The character of Medea haunted Greek culture like a nightmare, embodying patriarchal anxiety and guilt. It’s a fitting subject for Dream Theatre Company’s resident playwright Jeremy Menekseoglu, who has taken Euripides’ familiar tale of the horrific vengeance of a woman wronged and transformed it, for better or worse, into a graphic horror story suited for an age not of gods, heroes and Fate, but rather of family dysfunction and random violence.
Rachel Martindale is a seriously crazy Medea, enraged at her husband Jason of Golden Fleece fame. Jason–played by the same Jeremy Menekseoglu, who also directed and designed the production–has dumped her for the young and pretty Glauce, princess of Corinth (Amanda Lynn Meyer). With a royal marriage in the offing, the graspingly opportunistic Jason has use neither for his aging wife–whose sorcery skills saved his fleece many times during his Argonaut days–nor their two neglected young sons, Mermeros and Pheres, played convincingly by Anna Menekseoglu and Madelaine Schmitt, respectively. The parentally challenged Jason cannot even remember their names, referring to them simply as “your sons.” Medea also is not the epitome of unconditional love, waterboarding her children as a disciplinary measure. What most distinguishes this version from the Euripidean original is that the kids are not props and plot devices, but rather the moral center of the play–the tragedy is theirs, not their absent and abusive parents’.
On its own hyper-subjective terms, the play works well. Dream Theatre seems to be basically a one-man show, built around Jeremy Menekseoglu’s interesting artistic and personal vision, and every moment has a quirky intensity and a what-will-they-do-next suspense. The haunted-house set, lurid-toned lighting and kitschy but catchy background music, juxtaposed against the classic text, together create a campily sinister mood, somewhere between Caligari and Rocky Horror.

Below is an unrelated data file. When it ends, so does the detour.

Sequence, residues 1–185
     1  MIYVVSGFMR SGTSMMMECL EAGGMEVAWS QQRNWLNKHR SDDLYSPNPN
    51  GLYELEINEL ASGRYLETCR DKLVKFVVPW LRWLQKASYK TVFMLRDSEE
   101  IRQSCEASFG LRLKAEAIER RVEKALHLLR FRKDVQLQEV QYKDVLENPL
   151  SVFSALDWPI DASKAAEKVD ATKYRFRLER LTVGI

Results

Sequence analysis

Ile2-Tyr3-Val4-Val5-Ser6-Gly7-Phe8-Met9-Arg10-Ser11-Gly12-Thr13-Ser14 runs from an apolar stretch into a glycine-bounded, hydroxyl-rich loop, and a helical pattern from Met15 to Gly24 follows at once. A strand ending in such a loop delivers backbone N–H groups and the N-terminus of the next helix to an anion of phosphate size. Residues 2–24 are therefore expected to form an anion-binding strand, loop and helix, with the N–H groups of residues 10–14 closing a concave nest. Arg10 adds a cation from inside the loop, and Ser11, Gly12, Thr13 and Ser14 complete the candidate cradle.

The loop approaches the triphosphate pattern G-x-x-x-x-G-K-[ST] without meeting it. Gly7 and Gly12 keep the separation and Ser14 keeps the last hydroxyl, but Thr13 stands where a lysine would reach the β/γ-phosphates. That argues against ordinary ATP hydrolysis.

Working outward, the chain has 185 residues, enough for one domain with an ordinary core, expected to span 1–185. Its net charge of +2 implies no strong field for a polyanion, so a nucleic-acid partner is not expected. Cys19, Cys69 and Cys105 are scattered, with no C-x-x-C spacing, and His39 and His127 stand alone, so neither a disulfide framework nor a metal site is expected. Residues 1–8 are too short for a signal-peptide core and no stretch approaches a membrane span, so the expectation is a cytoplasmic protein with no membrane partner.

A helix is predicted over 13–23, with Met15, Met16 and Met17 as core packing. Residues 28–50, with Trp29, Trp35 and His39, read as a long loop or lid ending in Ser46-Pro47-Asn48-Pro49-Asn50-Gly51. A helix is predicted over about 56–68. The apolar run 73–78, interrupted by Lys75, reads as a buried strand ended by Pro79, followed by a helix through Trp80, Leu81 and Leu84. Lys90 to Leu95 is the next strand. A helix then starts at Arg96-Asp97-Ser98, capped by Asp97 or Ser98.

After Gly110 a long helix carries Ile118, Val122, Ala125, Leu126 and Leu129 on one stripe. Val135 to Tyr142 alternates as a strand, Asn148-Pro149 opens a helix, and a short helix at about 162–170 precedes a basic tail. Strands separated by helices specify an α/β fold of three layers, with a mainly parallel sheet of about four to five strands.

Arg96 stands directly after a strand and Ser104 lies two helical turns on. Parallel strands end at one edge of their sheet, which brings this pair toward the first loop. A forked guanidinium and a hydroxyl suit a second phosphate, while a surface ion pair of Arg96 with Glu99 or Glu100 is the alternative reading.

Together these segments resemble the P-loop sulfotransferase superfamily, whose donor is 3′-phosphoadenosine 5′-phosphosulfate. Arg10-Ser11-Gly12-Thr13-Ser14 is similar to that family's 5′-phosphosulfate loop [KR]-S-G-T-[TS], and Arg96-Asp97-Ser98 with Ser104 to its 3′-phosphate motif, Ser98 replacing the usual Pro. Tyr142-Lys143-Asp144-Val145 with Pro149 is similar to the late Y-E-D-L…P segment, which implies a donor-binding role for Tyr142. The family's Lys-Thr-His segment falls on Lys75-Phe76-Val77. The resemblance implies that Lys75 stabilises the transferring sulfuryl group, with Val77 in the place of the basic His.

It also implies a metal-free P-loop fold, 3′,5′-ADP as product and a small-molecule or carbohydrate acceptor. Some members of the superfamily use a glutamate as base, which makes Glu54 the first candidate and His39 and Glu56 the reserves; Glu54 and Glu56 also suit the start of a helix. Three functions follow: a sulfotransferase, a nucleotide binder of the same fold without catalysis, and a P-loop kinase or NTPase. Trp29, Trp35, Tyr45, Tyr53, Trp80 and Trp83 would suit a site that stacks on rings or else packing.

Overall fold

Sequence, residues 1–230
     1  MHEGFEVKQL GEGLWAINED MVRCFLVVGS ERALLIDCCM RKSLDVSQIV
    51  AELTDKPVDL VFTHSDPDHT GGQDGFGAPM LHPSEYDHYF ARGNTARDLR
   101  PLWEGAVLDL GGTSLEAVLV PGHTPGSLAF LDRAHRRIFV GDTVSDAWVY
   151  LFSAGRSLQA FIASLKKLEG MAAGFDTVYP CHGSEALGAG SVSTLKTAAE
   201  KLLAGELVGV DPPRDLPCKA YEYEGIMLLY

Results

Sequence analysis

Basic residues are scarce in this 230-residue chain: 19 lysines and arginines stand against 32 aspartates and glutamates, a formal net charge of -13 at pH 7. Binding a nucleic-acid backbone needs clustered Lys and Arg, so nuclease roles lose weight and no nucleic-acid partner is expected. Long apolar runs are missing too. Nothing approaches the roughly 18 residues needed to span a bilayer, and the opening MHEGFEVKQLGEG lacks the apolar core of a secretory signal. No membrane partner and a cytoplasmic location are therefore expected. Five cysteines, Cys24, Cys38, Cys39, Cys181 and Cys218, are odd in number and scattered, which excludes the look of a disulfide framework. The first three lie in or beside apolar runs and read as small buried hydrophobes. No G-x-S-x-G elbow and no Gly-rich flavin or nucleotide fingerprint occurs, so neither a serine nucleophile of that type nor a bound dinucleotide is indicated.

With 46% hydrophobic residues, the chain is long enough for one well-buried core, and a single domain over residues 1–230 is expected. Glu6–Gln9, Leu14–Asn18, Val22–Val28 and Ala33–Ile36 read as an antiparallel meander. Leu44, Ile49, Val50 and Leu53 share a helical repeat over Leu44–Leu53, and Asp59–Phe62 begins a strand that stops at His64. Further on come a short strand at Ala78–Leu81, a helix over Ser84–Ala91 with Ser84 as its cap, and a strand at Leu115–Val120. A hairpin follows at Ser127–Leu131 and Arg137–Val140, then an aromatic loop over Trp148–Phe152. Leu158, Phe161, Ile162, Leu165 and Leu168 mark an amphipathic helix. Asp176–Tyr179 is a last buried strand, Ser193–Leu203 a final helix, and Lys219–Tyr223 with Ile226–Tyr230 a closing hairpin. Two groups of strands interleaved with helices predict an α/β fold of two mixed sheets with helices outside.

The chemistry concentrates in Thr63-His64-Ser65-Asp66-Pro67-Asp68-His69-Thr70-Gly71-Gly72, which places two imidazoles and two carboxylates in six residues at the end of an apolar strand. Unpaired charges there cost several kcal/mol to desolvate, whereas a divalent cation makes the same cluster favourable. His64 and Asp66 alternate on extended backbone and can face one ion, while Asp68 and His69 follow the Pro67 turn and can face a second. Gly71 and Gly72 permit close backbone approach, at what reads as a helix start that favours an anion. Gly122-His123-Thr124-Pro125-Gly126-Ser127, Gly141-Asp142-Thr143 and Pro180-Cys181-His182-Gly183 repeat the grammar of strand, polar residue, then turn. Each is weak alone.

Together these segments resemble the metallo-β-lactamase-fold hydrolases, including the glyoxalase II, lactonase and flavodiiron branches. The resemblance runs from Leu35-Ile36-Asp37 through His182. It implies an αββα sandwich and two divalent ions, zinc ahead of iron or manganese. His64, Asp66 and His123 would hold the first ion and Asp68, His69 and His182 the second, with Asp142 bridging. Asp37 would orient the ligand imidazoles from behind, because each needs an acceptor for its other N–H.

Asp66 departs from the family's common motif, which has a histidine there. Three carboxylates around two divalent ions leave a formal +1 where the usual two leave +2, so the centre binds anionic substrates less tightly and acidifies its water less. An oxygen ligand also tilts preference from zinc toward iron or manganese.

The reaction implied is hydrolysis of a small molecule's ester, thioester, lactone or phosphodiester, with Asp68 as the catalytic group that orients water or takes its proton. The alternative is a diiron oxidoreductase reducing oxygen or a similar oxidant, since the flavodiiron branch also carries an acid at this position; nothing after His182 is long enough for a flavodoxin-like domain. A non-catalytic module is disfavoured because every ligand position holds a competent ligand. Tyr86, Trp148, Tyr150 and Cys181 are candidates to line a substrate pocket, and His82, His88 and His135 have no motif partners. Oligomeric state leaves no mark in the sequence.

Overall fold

And the acting is like nothing else you’ll see on a local stage. In an age of flattened affect and minimal selfhood, here we have an almost Victorian display of posing and mugging, verging on parody yet controlled and effective. Jason’s entrance is a masterpiece of nonverbal revelation, with his toy-soldier stiffness and pomposity betrayed by a twitchy, distracted air that testifies to his deep-seated fear of his abandoned wife and her witchy ways. Martindale’s Medea is a force of nature, cowing all those around her, including even Hera, queen of the gods (played by Kaitlin Stewart), who saves her at the end from Jason’s desperate attack.
“She’s a demon,” protests Jason. “Yes, but she’s my demon,” retorts Hera, the serially cheated-upon wife of Zeus.
Here the adaptation falters. Euripides, like all the Greek tragedians, was obsessed with the workings of justice in a society on the cusp between archaic religious morality and the emerging, reason-driven humanism. Tragedy was an attempt to revisit the primitive myths in light of newer values, such as–in Medea’s case–the basic injustice and dire consequences of flouting marriage vows and treating women and children as disposable property. Euripides’ Medea continues to fascinate us exactly because she’s not a monster, but a mother in desperate straits who knows that in her world there’s no future for an abandoned wife or rejected child. Her motivation is anger and vengeance, mixed with an element of twisted compassion. In this updated version, all is reduced to petty jealousy and resentment, with Jason and Medea recast as bickering narcissists who richly deserve each other, but are not worthy of their children. Medea’s supernatural rescue is puzzling, considering that the idea of her becoming a priestess of Hera was broached by the princess Glauce, whom she has just murdered.
Preserving all of the original’s considerable cruelty and gore, but less of its sublimity and scope, this “Medea” still packs a punch. As I write this, youngsters in Gaza, Iraq, Syria, Ukraine and elsewhere are dying in wars they had nothing to do with. Sadly, the theme of children sacrificed on the altar of adult insanity remains as relevant and necessary as ever. (Hugh Iglarsh)
Dream Theatre Company, 5026 North Lincoln, (773)552-8616, dreamtheatrecompany.com. $20. Through September 14. (No show August 31 or September 5.)